According to his interview with TechNewsWorld, “the holy grail of artificial intelligence” is the development of “artificial general intelligence,” or an AI with consciousness that can think for itself and act independently of humans. But how can we create anything aware if we don’t even know what consciousness is?
Rob Enderle, president and lead analyst of the Enderle Group, an advisory services organization in Bend, Oregon, has pointed out that government regulation may represent a danger to the open-source AI community.
For him, “it depends on how the laws and regulations are written,” he told TechNewsWorld. However, governments often do more damage than help, especially in poorly understood sectors.
Overly broad government regulations on AI, Prabhakar said, might provide difficulties for the open-source community.
“Such regulations, especially if they place responsibility on developers of open-source AI systems for how their tools are used, could discourage contributors,” he said. They may be reluctant to openly share their work for fear of legal repercussions if their open-source AI technologies are misappropriated.
Regulatory Red Tape Suffocating Open Source
Prabhakar that the government adopt a more nuanced strategy toward AI regulation. He proposed as a possible solution the idea of making exclusions in the legislation for open-source models, “recognizing that open-source projects have different incentives compared to commercial ones.”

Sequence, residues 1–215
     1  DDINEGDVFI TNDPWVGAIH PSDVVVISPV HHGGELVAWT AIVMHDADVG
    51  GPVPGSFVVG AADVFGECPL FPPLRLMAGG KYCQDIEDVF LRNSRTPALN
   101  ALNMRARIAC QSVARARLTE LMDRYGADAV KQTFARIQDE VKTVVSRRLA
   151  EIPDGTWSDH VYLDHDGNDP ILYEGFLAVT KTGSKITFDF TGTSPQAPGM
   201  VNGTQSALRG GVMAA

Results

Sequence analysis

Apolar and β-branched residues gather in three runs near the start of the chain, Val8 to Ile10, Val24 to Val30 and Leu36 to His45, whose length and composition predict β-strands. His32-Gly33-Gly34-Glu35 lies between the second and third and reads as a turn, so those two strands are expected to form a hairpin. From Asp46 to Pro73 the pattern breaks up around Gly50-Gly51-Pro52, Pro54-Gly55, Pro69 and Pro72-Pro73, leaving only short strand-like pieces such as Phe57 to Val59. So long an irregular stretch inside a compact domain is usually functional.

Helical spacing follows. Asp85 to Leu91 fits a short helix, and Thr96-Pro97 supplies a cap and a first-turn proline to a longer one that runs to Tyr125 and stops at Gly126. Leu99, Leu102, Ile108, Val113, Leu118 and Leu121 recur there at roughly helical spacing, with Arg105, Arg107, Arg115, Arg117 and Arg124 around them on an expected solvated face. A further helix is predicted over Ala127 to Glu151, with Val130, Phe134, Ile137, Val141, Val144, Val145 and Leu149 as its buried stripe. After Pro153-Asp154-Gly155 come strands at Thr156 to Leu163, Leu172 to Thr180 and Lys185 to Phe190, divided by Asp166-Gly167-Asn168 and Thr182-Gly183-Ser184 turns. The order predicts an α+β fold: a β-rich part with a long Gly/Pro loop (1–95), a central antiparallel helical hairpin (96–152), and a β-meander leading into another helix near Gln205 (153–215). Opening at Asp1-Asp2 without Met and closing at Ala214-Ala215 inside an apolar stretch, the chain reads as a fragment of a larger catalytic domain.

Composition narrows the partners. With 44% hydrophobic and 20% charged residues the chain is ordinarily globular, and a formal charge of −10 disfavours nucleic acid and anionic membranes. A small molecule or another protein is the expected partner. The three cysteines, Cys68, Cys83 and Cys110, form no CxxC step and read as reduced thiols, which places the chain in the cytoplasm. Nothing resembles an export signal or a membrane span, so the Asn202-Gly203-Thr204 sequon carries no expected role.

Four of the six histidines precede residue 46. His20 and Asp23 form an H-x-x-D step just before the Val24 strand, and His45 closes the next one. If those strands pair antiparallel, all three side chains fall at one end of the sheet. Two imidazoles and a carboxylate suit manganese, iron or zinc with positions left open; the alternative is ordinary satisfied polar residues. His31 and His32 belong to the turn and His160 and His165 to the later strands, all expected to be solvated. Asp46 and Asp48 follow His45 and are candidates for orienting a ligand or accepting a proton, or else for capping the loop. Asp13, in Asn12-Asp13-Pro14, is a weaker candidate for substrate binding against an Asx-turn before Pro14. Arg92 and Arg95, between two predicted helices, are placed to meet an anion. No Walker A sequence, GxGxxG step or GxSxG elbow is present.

“By adjusting the rules to better fit the open-source spirit, we can aim for a scenario where regulation and open-source innovation coexist and thrive,” he said.
According to Shaabana, clauses in the White House’s Executive Order on Artificial Intelligence announced on Monday favor Big Tech AI corporations against open-source developers.
“The Executive Order is extremely manual,” he said. According to one expert, “it requires a lot of resources to comply with if you’re a small company or small researcher.”
Companies creating AI models will soon be required to disclose their training processes and get official approval from the United States government. You can forget about getting past all that red tape unless you’re a major researcher or a major company like Meta, OpenAI, or Google. Each of those businesses will have a specialized unit to help it weather the storm.